The third edition of Transition Guelph's Repair Cafe appeared to be the most successful so far, judging by the number of volunteer repair persons, and the amount of broken stuff that got repaired.
The gymnasium of Tytler School in St. Patrick's Ward was the venue, with many tables, many tools, and many worker bees tinkering with everything from computers to sewing machines, oven parts to clothing and jewellery.
Nicole Gagnon, a maker of jewellery, spent the dayl-ong Saturday event repairing necklaces and other accessories, and imparting her know-how to others in the process.
"I like to teach as I do the repair," said Gagnon, the proprietor of Nicole Gagnon Wooden Designs. "It's fun for me to be able to share my knowledge."
She said she likes the 'don't throw it away, fix it' philosophy behind the Repair Cafe model, and is eager to support it with her skills.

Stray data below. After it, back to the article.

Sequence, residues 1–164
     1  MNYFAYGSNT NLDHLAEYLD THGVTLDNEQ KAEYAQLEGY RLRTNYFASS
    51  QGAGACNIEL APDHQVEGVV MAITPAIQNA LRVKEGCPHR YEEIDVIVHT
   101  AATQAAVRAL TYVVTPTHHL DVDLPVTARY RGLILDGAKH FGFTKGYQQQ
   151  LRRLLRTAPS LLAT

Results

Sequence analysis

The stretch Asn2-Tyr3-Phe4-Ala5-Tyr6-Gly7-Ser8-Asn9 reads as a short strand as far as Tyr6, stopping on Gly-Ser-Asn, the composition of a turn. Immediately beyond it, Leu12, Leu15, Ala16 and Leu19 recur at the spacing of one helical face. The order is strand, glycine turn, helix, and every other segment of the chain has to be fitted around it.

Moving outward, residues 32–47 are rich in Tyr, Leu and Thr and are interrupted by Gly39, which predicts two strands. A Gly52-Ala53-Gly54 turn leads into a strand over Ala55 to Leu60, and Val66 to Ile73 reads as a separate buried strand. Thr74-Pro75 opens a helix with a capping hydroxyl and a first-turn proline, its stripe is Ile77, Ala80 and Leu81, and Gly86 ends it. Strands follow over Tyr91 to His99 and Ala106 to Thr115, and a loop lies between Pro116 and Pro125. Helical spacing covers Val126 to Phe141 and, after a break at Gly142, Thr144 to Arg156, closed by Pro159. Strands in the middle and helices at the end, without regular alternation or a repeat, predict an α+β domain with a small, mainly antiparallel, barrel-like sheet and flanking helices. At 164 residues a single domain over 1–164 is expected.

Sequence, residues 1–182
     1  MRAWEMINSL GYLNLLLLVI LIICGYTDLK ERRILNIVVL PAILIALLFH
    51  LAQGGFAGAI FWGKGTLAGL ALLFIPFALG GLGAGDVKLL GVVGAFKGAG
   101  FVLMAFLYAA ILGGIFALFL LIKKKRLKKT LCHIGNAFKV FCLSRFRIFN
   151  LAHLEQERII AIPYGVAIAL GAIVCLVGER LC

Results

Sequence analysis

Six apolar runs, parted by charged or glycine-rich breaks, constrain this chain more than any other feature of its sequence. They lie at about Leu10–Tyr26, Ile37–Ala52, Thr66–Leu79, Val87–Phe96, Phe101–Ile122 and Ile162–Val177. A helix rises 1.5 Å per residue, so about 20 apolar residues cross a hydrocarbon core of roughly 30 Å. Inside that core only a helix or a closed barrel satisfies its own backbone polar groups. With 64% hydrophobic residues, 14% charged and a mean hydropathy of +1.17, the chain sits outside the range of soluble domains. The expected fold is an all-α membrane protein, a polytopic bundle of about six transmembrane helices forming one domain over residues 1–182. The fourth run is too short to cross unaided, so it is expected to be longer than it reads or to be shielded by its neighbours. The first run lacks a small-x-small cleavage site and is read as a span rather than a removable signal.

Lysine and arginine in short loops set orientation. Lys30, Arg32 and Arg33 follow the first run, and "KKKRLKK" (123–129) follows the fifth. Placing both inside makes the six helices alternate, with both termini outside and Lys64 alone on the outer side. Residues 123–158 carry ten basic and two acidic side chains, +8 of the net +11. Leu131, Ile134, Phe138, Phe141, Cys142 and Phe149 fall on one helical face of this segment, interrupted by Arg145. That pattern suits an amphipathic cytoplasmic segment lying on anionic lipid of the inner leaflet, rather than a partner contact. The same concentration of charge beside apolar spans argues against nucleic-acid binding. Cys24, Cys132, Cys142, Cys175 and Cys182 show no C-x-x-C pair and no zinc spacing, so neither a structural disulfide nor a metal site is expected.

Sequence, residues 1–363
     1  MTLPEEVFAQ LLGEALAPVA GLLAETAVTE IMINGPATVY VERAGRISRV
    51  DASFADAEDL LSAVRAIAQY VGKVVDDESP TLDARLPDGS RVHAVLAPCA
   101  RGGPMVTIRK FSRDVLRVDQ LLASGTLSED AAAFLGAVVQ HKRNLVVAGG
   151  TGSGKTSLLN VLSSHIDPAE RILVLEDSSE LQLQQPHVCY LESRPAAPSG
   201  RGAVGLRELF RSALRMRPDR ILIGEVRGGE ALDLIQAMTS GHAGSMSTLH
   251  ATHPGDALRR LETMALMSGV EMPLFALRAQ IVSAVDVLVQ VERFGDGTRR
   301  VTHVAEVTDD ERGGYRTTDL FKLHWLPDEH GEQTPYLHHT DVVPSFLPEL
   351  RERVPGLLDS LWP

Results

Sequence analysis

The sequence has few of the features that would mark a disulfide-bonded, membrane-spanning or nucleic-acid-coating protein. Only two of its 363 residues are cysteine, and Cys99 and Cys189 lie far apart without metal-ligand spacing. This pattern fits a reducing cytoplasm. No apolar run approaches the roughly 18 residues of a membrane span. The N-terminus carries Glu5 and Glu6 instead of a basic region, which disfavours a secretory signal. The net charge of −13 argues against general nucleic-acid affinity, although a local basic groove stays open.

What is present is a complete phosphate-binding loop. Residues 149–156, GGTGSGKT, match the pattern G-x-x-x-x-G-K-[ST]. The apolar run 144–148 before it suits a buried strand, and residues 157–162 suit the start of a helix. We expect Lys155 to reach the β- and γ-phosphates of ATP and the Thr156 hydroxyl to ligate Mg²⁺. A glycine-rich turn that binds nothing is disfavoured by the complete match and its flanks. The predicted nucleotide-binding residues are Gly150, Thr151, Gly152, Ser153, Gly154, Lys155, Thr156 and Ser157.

Repair Cafe organizer Saba Saneinejad said people with broken down items in need of repair came in waves throughout the day. At times there was a queue as people waited to see a repair person/helper.
"We have a bell that we ring every time something gets fixed," she said. The bell was rung many times.
Most repairs, she said, were on household items. Of the 15 volunteer repair people, two were dedicated to computers, a few others to mending clothes or jewellery. The rest worked on household appliances and gadgets.
The next Repair Cafe will be on March 25 as part of the Guelph Resilience Festival at St. George's Anglican Church. There is another scheduled for May 27.